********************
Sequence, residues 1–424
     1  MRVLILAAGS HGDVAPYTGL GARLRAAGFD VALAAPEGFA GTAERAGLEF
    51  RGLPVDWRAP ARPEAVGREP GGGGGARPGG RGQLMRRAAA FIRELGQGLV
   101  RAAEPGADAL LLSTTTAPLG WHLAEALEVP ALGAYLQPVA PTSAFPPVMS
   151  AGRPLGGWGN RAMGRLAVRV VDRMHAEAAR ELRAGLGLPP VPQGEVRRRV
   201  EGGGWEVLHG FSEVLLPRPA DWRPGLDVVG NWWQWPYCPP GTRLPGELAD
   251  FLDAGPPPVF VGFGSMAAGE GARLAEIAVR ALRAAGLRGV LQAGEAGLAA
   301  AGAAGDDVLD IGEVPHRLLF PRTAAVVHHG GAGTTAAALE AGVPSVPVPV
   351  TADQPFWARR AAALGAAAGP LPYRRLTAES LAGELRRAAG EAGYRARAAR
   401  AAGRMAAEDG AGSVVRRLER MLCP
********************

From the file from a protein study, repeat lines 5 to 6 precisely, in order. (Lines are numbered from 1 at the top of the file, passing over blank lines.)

   151  AGRPLGGWGN RAMGRLAVRV VDRMHAEAAR ELRAGLGLPP VPQGEVRRRV
   201  EGGGWEVLHG FSEVLLPRPA DWRPGLDVVG NWWQWPYCPP GTRLPGELAD